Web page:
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    Quote Originally Posted by danno View Post
    And now back to Somalia.
    http://www.bbc.com/news/world-africa-39264343

  18. #1389
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    Yes a Sri Lankan ship. First hijack since 2012. Our Government are involved in Training a Somalian Coast Guard and it all depends how the students are employed after they graduate! They should spend some of their money on Famine and social assistance.

  19. #1390
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    Seems to be resolved without cash or casualty.

    'Pirates' release ARIS 13 without ransom
    March 17, 2017 at 02:29 by Mikhail Voytenko in Maritime Security 138
    Mar 17 UPDATE:
    BBC report:
    Somali pirates who hijacked an oil tanker have released it without condition, according to officials.
    The announcement came hours after the pirates and naval forces exchanged gunfire over a boat believed to be carrying supplies to the hijackers.
    Abdirahman Mohamud Hassan, the director general of the Puntland maritime police force, said: "There has been discussion going on after the gunfight this afternoon... We took our forces back and thus the pirates went away." A pirate confirmed the release was made without a ransom payment, according to Reuters. However, John Steed, a former British army officer who has spent years negotiating the release of piracy hostages in Somalia, told the AFP news agency they had been made an offer they could not refuse.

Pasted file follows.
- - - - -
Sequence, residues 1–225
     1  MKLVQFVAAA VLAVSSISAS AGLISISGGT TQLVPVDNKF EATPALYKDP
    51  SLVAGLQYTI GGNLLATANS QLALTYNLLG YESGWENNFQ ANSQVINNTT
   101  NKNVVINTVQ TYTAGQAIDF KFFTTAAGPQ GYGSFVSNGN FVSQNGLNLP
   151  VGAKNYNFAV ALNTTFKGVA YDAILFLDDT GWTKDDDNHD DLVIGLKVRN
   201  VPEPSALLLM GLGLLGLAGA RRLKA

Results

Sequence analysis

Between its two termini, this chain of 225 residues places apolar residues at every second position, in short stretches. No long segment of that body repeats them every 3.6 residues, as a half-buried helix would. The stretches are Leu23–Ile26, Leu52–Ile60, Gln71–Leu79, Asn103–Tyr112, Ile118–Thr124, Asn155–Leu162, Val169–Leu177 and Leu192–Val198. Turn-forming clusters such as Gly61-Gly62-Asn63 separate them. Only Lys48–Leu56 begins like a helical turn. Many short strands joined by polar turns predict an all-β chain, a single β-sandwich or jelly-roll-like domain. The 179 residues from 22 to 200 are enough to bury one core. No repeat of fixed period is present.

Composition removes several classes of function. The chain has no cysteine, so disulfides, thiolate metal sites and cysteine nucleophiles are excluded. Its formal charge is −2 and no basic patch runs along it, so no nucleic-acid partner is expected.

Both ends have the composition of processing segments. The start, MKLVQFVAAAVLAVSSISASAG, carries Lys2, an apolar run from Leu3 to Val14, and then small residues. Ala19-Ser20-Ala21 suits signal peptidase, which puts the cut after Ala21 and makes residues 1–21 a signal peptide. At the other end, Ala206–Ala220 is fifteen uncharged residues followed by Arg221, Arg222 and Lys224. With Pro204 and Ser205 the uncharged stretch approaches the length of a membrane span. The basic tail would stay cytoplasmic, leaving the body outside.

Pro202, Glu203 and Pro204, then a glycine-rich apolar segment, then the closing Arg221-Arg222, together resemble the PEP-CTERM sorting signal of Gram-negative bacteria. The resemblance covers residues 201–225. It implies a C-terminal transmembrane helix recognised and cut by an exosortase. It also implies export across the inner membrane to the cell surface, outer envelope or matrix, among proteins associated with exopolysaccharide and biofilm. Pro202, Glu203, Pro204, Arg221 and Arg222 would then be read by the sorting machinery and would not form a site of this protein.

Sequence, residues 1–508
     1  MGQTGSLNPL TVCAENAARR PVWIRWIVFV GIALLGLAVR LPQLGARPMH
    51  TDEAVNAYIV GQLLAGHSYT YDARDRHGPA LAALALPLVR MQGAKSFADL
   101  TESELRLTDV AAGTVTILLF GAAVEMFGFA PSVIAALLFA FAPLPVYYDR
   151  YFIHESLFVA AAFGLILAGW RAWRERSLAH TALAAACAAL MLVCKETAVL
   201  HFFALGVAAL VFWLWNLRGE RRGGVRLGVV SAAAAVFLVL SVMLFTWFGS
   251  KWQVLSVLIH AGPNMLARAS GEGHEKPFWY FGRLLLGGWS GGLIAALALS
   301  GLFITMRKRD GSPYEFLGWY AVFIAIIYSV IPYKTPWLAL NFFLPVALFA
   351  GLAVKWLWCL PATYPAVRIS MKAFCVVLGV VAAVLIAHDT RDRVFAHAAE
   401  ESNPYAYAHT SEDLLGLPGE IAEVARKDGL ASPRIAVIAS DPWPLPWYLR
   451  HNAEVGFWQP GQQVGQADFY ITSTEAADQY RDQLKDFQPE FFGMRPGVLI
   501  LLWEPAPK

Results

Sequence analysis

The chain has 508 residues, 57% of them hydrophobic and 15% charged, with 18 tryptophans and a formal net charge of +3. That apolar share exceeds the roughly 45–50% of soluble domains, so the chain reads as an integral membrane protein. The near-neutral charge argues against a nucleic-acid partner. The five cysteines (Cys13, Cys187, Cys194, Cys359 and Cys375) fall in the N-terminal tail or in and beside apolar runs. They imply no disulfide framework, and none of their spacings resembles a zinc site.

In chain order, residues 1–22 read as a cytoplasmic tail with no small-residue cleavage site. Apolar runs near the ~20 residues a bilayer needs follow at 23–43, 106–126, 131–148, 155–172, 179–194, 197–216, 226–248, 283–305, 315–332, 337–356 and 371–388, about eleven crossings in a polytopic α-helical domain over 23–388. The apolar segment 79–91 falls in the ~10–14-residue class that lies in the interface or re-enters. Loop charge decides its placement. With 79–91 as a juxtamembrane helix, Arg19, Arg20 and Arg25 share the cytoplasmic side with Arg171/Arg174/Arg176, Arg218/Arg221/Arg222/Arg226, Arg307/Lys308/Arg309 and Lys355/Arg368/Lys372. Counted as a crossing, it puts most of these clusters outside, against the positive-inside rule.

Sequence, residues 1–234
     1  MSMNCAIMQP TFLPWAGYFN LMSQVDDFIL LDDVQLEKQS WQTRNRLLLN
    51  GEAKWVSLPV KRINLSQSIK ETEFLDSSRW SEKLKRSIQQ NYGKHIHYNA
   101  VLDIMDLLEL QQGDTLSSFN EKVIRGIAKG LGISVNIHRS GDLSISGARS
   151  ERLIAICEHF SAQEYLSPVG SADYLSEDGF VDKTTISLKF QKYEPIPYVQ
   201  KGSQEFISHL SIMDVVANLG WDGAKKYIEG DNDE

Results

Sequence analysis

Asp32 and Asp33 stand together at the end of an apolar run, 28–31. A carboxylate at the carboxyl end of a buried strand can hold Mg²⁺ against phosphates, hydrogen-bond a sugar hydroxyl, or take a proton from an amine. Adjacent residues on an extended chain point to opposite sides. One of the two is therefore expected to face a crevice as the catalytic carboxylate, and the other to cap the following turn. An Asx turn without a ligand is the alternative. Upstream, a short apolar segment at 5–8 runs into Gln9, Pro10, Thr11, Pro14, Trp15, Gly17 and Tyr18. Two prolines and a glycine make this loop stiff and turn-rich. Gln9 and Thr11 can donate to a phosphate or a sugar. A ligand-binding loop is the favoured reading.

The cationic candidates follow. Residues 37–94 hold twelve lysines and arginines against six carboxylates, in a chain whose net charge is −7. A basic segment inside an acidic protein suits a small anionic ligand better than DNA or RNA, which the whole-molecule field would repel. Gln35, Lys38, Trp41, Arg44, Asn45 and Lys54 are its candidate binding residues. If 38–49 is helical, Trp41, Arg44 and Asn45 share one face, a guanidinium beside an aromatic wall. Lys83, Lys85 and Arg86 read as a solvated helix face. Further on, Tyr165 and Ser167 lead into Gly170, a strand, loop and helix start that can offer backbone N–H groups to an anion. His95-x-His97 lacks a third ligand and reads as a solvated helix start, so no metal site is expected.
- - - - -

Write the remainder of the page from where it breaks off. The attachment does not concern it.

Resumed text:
It was not immediately clear if the hijackers were fishermen or professional pirates.
    Taking it all, it doesn’t look like a piracy, let alone carried out by “professional pirates”. It just doesn’t fit into professional piracy scheme.
    Voytenko Mikhail
    March 17, 2017

  20. #1391
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    Good news all round. What does piracy look like- a number of boats in attack, gunfire, getting on board the tanker !! Maybe a Russian picnic.

  21. #1392
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    Latest insight.

    http://www.maritime-executive.com/ar...help-from-nato

    FP is well within the remit of the NS.

  22. #1393
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    Charlie Romeo has some serious units at his disposal.

    http://www.slnnews.com/2016/12/somal...operation-ata/

  23. #1394
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    Doesn't surprise me for an instant.
    Well, there's good news and bad news. The bad news is that Neil will be taking over both branches, and some of you will lose your jobs. Those of you who are kept on will have to relocate to Swindon, if you wanna stay. I know, gutting. On a more positive note, the good news is, I've been promoted, so... every cloud. You're still thinking about the bad news aren't you?